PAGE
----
The past year was filled with record-low interest rates, steadily rising home prices and loosening mortgage-lending standard, making it one of the strongest years in the housing industry since the financial crisis six years ago. 

More cities are beginning to return to normal as bustling economies, job growth and new home construction continue their three-year uptick back to prerecession activities.

And now that the housing market is diving into 2015, there is a new slate of predictions from rising home prices to the decline of the baby boomer homebuyer.

Here are four predictions for the 2015 housing market that we expect, here at Guardian Mortgage:  

1. Home prices rise while foreclosures decline

National home prices averages increased over 11% over the course of past year according to statistics provided by the National Association of Realtors. Most industry insiders expect this increasing trend to continue into the coming year and are predicting an additional rise of about 5% more in 2015.

As housing prices have increased, foreclosure rates have fallen. As of October 2014, the national foreclosure rate reached its 32-month of consistent declining.  2015 is expected to be the year where foreclosure rates will return to normal, prerecession levels once again.

2. Inventory could impact home sales prices in 2015

As housing prices and foreclosure rates return to more normal activity across the country, the topic of housing inventory will begin pushing to the forefront of conversation and trends that economists will begin paying close attention to in 2015.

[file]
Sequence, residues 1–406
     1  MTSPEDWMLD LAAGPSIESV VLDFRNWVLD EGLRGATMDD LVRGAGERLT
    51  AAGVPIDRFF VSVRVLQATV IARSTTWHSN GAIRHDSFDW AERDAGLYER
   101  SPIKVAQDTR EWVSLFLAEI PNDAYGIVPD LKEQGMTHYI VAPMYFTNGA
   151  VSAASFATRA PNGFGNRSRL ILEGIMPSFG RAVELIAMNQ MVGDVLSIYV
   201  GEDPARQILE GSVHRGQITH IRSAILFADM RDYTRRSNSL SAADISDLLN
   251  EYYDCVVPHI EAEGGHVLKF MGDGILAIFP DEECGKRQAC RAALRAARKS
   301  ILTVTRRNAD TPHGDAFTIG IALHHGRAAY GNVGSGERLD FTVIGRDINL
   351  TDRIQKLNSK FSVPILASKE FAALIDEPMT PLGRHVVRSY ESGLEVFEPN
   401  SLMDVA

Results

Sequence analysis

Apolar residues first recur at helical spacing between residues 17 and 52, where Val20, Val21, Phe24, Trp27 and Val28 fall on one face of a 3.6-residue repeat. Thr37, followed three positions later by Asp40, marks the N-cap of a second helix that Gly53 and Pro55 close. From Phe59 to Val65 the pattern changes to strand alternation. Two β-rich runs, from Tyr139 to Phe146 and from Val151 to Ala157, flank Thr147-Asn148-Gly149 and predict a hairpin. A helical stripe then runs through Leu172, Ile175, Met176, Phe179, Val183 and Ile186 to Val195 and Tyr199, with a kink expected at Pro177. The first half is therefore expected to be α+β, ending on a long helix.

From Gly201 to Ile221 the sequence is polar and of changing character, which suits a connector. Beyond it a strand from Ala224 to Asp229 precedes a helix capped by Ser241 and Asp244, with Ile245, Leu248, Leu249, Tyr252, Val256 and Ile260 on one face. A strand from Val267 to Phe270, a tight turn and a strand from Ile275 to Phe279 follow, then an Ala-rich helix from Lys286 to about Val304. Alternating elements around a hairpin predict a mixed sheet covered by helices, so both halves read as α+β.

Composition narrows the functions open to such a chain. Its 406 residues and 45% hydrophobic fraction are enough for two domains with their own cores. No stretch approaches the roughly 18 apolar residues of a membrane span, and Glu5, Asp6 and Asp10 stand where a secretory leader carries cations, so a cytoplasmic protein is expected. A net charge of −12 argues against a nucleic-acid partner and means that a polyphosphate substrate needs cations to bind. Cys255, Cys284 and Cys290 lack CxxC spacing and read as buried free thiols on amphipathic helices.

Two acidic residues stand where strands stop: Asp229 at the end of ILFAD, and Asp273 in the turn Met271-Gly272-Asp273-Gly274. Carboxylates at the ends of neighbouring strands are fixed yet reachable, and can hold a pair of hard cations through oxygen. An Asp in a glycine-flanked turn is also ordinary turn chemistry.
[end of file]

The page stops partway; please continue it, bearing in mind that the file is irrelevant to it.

It is expected that over the course of the coming year, the inventory shortages of 2013 and 2014 will come to an end, opening the gates for competition and lower home sales prices to take center stage. 

3. Home refinancing will slow and boomers won’t buy

The historic low interest rates of the past four years have created a booming home refinance market; however, this trend is expected to slow down greatly in the coming year.  According to the Mortgage Bankers Association, less than a quarter of existing mortgage holders now have a high enough interest rate to make home refinancing worthwhile.

Along with a slowdown in refinancing, it is expected that Baby Boomers will continue to buck the trends of generations past and will opt to stay in their larger single-family homes instead of transitioning into smaller options.  Until housing prices officially return to normal, prerecession levels, most Baby Boomers feel that it makes more financial sense to stay in their current homes and to continue to accrue equity instead of selling.

4. Changes in credit market and mortgage sign-offs expected     

Despite talk about lowering FICO scores to make it easier for some buyers to qualify for loans, most industry experts say that stricter mortgage regulations are creating a very tight credit market, which isn’t likely to change anytime soon. Many buyers also are carrying a large load of non-mortgage related debt that is affecting their ability to qualify for a mortgage.

The Consumer Financial Protection Bureau will be finalizing and implementing new closing requirements effective August 2015.  The new Truth in Lending requirements are expected to make the sign-off process more transparent for buyers and streamline the paperwork process as an electronic solution, or eClosing, option becomes available.

All-in-all, 2015 is expected to be a banner year for the housing industry and one that will mark the official return of the market and create a feeling of stability with both the industry and consumers.

The great news is this hasn’t been felt for more than six years.

It's about time.